Ellen G. White: The Australian Years: 1891-1900 (vol. 4)


The Delegates Respond

When the reading ended G. A. Irwin declared: “Here is an earnest appeal to us. What shall we do with it? Shall we begin right here to reform, or shall we forget what manner of men we have been, and continue doing as we have done? I, for one, want to have a part in this, and I will give $100 to go to that field.” There was a silence, for $100 represented more than a month's pay. W. W. Prescott spoke, saying, “Shall we ... go on, and do nothing, or shall we do something?” 4BIO 410.4

“Do something!” the congregation responded. 4BIO 410.5

Then Prescott proposed that a cablegram be sent to Ellen White promising to send $25,000 from personal donations and from the conferences. The very atmosphere seemed charged. 4BIO 410.6

Elder Irwin responded, “It seems to me we ought to give opportunity to those who feel free to give $100 or more or less, now, to do so.” Voices were heard, “I will give $100!” “I will give $50!” “I'll give $100!” “Another $100 here!” 4BIO 410.7

The secretary could not get the names down fast enough, so the stenographers were summoned to help make the record, which started out: 4BIO 411.1

George A. Irwin and wife$100
J. N. Loughborough and wife100
W. W. Prescott and wife100
A. O. Burrill and wife100

And so it went, until more than a hundred had pledged from $5 up to $100. Then a comparative stranger stood to his feet and pledged $5,000! The audience gasped. It was Henry Norman, a sea captain whom F. H. Westphal had met on his way from South America to the session. Finding him interested in Bible truth, Westphal invited him along. He came and faithfully attended the meetings. Step by step, he took his stand for the Seventh-day Adventist message. Some days later, having kept his first Sabbath, he testified: 4BIO 411.2

Here is the baby of the family. Of course you all know that I am not a minister of the gospel, but I thank the Lord that I found this people.... I am here to stay.... With the Lord's help, I intend to serve God faithfully. I have given myself and all that I have to the Lord.—Ibid., 170 4BIO 411.3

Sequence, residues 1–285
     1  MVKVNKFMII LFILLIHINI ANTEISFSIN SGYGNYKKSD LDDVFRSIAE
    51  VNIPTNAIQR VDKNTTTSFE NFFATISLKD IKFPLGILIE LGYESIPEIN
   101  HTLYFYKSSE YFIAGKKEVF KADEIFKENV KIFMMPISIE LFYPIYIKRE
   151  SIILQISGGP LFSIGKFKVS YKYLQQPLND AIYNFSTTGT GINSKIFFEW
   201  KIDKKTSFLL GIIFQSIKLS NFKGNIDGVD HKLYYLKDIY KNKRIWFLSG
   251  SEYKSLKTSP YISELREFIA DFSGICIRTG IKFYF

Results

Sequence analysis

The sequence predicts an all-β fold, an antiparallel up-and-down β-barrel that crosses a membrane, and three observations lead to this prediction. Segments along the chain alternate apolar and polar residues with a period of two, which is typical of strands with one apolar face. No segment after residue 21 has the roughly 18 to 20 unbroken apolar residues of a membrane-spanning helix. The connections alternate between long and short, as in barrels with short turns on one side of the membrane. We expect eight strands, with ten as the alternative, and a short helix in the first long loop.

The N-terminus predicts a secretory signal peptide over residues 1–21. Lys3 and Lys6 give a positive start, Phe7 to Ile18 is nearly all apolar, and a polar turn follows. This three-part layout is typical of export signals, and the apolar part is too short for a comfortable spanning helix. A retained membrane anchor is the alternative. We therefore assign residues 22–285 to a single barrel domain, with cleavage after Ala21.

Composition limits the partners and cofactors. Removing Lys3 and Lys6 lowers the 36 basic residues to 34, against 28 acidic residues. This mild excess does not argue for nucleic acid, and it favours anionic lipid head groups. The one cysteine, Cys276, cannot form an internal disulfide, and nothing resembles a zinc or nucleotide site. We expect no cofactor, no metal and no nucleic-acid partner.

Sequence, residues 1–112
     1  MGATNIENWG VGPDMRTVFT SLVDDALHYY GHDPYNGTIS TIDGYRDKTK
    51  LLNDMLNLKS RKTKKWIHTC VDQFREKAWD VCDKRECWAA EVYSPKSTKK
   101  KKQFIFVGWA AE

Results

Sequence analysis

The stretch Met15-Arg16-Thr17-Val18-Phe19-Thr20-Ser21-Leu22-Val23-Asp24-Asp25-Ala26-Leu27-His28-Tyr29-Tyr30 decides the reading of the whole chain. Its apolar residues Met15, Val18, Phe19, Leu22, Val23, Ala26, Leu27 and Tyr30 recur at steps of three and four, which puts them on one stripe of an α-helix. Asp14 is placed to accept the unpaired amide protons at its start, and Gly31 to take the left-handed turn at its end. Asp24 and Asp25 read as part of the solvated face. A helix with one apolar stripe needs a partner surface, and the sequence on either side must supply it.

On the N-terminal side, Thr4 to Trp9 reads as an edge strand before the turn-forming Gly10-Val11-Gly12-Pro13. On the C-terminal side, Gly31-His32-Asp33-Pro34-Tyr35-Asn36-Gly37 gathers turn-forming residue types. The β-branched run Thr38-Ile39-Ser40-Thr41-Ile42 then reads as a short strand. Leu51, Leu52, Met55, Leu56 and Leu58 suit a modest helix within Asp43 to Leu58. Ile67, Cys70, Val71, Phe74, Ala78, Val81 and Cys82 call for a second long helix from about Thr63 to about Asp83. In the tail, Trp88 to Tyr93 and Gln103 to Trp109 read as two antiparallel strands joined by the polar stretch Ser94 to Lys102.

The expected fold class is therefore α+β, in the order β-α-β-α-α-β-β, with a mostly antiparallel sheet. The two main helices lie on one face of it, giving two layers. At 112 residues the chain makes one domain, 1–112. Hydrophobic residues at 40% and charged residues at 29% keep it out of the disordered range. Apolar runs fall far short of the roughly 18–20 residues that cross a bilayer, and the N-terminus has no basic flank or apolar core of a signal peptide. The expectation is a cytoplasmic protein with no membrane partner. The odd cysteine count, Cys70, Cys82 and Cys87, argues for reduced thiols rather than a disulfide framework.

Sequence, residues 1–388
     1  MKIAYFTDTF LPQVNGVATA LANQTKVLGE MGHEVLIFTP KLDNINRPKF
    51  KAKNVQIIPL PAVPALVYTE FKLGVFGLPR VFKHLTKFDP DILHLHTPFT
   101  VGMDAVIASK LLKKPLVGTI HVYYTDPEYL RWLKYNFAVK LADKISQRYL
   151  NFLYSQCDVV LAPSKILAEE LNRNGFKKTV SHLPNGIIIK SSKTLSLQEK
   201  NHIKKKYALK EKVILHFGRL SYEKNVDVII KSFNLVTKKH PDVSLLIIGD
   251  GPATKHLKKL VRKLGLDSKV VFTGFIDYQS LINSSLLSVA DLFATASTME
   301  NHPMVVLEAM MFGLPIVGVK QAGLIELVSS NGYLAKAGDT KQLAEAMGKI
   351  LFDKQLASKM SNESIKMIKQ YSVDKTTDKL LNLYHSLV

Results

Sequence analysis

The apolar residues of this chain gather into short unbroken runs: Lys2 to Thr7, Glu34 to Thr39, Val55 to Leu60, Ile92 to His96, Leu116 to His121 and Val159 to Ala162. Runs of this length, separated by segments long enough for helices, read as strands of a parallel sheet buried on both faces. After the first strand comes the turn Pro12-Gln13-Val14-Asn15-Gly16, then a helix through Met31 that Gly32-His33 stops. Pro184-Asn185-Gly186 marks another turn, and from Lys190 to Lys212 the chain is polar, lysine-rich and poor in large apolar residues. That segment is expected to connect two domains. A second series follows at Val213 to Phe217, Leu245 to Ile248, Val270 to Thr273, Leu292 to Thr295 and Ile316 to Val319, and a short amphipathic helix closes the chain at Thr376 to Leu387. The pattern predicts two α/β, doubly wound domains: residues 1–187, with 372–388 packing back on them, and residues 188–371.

To those who were acquainted with him, this statement was significant, for he let it be known that he was the owner of several oceangoing steamships. As the conference proceeded, he made other generous pledges, totaling $400,000. Of this, $200,000 was for the General Conference Association; $100,000 was for the Foreign Mission Board; and $100,000 was to be divided up among different countries, with an additional $10,000 specified for Australia. In addition, there was his yacht, costing $11,000, which he pledged as a gift for missionary work in New York harbor. Elder Irwin explained in a letter to Ellen White, written soon after the session, that the captain's fortunes were in the Bank of England in London, and his pledges would be paid in late May. Of the $3,400 pledged by the delegates for the work in Australia, $2,394 had been paid in by late March and would be held until the whole amount was on hand (DF 368, G. A. Irwin to EGW, March 26, 1899). What a plum to tantalize the money-starved workers in Australia—$3,400 almost immediately and $15,000 more by the end of May! It was late April when Elder Irwin's letter was received at Cooranbong; a few days later the General Conference Bulletin brought further word. 4BIO 411.4